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Look at the war through Ukrainian eyes

Amanda Paul

Date: 14/04/2022
The level of death, destruction and suffering being inflicted on the Ukrainian people is abhorrent. With Russia ramping up its eastern offensive, what the EU chooses to do next will be remembered for years to come.

Europe’s freedom fought in Ukraine

Ukrainians are defending themselves – and the rest of the free world – in a war of annihilation. Having failed to achieve the quick victory it wanted in the first phase of the war, Moscow doubled down on a war of attrition, inflicting indiscernible terror and pain on civilians, including children. As the atrocities in Bucha, Kramatorsk, Borodianka, Mariupol and elsewhere show, committing systematic war crimes is Russia’s calling card. 

The war’s second phase could potentially be long and bloody. Russia has revised its strategy, focusing its efforts on eastern and southeastern Ukraine.

Moscow has now prioritised the total capture of Mariupol, reinforced efforts in the Kharkiv and Zaporizhzhia regions, and increased troop numbers and heavy machinery across the entire Donbas region. The city of Sloviansk, a major flashpoint in the 2014 war, is likely to be a key battleground again. That the Donbas borders Russia facilitates Russian troops and supply lines.

Furthermore, Russia now knows what to expect and will be better prepared – a case in point is the appointment of ruthless veteran General Aleksandr Dvornikov. He commanded Russia’s brutal campaign in Syria, which included the use of barbaric barrel bombs.  

Putin wants a success by 9 May, Russia’s Victory Day. This cannot happen. The Ukrainian military is doing more than its part. The EU and other allies must also do theirs if Europe is to remain whole and free.

The EU response so far

The EU’s initial response to Russia’s invasion was faster and more robust than many expected. Consecutive rounds of coordinated economic and individual sanctions are imposed on Russia. Ukraine has received some €1.5 billion in military aid. The EU also opened its borders to millions of Ukrainian refugees, showing important solidarity. Several European and EU leaders, including European Commission President von der Leyen, have travelled to Kyiv.

On 8 April, a fifth package of sanctions was imposed, including a ban on coal imports from Russia. Although an important step, that it only takes effect in August is disappointing. Germany, the largest importer of Russian coal, is to blame. Concerns about how fossil fuels can be replaced in Europe while Ukrainians are being killed, tortured and raped are beyond shameful. Continuing purchases of Russian fossil fuel is financing Putin’s war machine, providing the Kremlin with a sense of impunity.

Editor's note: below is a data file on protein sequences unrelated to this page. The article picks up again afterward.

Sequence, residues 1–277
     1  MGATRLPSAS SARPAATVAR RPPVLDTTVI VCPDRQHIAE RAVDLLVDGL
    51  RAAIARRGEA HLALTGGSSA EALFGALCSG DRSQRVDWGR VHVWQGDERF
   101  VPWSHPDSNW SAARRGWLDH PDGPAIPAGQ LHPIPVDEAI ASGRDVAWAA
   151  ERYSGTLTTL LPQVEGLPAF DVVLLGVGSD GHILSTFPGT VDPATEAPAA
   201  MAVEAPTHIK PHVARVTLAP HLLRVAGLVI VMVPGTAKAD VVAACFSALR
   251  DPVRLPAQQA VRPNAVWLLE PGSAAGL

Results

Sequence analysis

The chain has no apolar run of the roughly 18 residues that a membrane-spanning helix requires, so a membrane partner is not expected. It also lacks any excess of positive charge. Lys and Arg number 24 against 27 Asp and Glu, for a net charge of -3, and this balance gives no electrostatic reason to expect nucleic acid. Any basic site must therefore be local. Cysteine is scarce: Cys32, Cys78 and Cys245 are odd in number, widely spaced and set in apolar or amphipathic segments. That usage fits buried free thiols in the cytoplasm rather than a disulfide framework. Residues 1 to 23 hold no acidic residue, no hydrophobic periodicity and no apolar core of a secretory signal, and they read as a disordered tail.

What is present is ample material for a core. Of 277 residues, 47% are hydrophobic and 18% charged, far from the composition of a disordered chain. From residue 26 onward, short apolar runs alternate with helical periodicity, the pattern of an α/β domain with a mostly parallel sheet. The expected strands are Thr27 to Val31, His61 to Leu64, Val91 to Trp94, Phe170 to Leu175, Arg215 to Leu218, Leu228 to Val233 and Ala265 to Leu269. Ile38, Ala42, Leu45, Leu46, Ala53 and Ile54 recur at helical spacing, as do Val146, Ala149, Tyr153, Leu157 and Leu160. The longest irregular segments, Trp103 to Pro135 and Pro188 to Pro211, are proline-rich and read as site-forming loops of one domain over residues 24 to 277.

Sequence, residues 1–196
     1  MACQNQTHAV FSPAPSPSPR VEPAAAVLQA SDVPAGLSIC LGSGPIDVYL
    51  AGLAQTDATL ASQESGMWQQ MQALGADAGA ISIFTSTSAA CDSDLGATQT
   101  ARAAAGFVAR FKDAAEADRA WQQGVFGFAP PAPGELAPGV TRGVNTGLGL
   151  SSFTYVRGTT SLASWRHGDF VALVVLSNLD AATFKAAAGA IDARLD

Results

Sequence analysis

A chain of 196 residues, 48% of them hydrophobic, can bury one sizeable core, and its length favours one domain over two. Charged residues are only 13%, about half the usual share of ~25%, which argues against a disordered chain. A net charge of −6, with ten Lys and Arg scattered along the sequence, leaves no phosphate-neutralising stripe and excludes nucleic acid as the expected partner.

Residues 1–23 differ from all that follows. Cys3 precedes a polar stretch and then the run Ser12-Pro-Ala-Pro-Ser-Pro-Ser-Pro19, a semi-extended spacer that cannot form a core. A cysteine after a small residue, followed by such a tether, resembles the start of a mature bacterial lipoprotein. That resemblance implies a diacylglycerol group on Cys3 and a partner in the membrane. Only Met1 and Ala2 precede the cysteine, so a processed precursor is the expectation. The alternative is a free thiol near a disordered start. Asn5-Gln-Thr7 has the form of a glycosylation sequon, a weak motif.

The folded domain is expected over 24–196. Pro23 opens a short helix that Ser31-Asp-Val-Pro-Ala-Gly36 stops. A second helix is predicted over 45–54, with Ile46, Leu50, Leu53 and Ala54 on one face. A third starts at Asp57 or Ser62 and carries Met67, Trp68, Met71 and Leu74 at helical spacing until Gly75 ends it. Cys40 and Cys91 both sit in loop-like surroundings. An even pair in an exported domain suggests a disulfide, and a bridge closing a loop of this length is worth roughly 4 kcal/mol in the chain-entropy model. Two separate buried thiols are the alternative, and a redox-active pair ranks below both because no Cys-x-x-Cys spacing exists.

Short-term pain for long-term gain

This is a watershed moment, not only for Ukraine but for Europe more broadly. Delays, indecision and fears about domestic impacts, the costs of sanctions or the risks of provoking Putin must end. Russia has already demonstrated its readiness to commit heinous crimes against humanity without any provocation and which US President Biden has labelled as a genocide.

Clearly, pushing back against Russia comes at a price for Europeans. This war has worsened inflation and food and energy costs which were already rising pre-invasion. Living standards are dropping, and recession may come to many parts of Europe. European citizens are paying for the short-sighted decisions of some leaders.

History has taught us that bullies must be stood up to, and yet Putin has repeatedly been given second chances: after murdering Alexander Litvinenko in 2006, or using chemical weapons in Sailsbury in 2018. For its annexation of Crimea in 2014, Russia received little more than a slap on the wrist. Even after the attempted murder of Russian opposition leader Alexei Navalny in 2020, Germany steamed ahead with the North Stream 2 gas pipeline – and despite being fully aware that Russia has weaponised gas for years.

Citizens across Europe have been shocked to the core by the barbarity of Russia’s invasion. Regardless of the hard times they now face, they have shown unprecedented levels of solidarity, opening their homes to Ukrainian families and donating millions. Yes, life will be tough for a while, but not forever. The costs of inaction would be much worse.

Putin is more than capable of bringing this war to other European states if he senses hesitation – including NATO members. Furthermore, his past use of chemical weapons should be a cautionary tale for what could come if he is not stopped. The price of not stepping up would be a loss of security and freedom.    

Together with its allies, the EU must ramp up its commitment to Kyiv. Several steps should be taken immediately under four axes.

1.     Rapid delivery of heavy weapons

Ukrainian troops have demonstrated their ability to defeat Russia on the battlefield. However, the West not giving Ukraine all the tools it needs to do this effectively is equal to green-lighting the Kremlin to crank up the pressure.

Most of the weapons that Ukraine has received are for dealing with insurgencies. Ukraine needs more offensive weapons that will allow its forces to counterattack, win a conventional war and hit Russian bases. This includes coastal defence missiles, medium- to high-altitude surface-to-air missiles, heavy artillery, drones, tanks, jets, helicopters, S-400 missile systems, anti-tank guided weapons, man-portable air-defence systems, loitering munitions, ammunition and fuel. It is particularly important to provide Ukraine with equipment to help reduce Russia’s air superiority and counter attacks from the Black Sea.